The theme that is evident in Midnight in Paris is the idea of nostalgia, especially for a time or place we’ve never been to before. Woody Allen explores the idea that no matter what time you believe was the golden age, those who lived during that time will long for a different past themselves. When Gil begins to fall for Adriana, a former mistress of Pablo Picasso, he is really just falling in love with the idea of Paris in the 1920’s. He soon discovers that Adriana believes that the 1890’s were the golden age. By incorporating historic figures into the story it engages the audience and further proves the point that there is no such thing as a golden age and that it is purely self-constructed. From Salvador Dali to Earnest Hemingway, Gil’s midnight trips to the twenties are like Night at the Museum for aspiring authors.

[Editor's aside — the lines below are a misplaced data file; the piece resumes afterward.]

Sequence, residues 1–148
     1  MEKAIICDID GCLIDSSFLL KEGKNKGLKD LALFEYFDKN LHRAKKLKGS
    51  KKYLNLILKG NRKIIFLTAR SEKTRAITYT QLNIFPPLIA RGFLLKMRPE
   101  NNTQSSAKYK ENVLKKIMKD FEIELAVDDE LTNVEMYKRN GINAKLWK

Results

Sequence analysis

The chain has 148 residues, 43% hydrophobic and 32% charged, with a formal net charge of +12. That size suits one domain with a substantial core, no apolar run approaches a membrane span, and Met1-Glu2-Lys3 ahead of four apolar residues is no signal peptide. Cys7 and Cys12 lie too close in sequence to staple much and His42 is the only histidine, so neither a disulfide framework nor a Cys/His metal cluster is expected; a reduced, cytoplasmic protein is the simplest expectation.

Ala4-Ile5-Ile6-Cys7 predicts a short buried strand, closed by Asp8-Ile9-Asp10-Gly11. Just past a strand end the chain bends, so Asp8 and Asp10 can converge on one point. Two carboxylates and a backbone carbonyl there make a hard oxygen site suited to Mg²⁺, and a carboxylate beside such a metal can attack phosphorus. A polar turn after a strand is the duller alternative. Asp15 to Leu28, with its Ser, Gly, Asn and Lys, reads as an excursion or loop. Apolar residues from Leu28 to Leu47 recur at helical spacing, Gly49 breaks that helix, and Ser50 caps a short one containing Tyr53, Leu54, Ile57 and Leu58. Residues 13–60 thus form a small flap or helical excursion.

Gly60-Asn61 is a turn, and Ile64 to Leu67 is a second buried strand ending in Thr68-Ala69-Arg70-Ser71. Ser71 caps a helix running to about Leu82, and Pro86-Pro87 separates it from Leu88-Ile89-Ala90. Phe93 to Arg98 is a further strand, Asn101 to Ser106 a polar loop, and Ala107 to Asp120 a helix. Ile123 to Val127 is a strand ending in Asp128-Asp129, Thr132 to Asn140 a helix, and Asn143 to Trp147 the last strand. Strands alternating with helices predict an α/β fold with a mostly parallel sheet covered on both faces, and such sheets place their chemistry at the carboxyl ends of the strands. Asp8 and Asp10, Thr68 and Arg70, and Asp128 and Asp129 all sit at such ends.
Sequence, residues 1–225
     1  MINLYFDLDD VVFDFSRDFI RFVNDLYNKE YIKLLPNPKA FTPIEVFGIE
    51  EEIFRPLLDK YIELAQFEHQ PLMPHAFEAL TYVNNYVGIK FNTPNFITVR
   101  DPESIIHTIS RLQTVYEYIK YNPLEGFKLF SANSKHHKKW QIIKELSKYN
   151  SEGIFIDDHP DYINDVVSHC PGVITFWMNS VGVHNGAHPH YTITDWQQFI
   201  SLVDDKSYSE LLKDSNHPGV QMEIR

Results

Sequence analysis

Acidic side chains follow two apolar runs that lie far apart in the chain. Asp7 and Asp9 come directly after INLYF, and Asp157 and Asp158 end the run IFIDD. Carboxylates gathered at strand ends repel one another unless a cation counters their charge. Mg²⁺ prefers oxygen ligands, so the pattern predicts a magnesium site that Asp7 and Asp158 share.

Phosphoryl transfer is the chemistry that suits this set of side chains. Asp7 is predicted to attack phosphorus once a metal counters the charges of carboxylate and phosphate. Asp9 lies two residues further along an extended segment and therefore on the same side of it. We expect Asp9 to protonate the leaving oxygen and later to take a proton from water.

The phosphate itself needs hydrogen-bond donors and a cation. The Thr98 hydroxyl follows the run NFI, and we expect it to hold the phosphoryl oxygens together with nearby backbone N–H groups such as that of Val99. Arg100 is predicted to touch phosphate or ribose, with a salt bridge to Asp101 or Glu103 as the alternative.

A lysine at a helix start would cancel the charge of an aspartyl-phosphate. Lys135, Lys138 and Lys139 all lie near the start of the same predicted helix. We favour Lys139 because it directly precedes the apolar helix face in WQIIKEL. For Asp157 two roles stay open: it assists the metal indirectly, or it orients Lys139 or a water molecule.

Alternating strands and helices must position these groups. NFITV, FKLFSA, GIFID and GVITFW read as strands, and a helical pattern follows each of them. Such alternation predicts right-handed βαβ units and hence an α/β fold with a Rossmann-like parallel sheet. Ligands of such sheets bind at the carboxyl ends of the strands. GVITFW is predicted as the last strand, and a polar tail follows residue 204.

Woody Allen is a story teller, whether it be directing, writing, or acting, and this film is no exception to his style. The story is the heart of the film and by bringing the lead character into the roaring twenties the audience follows. It is believable because the concept of nostalgia is not foreign. Though the past is concrete in the sense of what happened, happened, it is malleable in that we can choose to portray it however we wish. Though Midnight in Paris is classified as a romantic comedy, this is far from a simple chick-flick, a well-written reflection on our obsession with the past.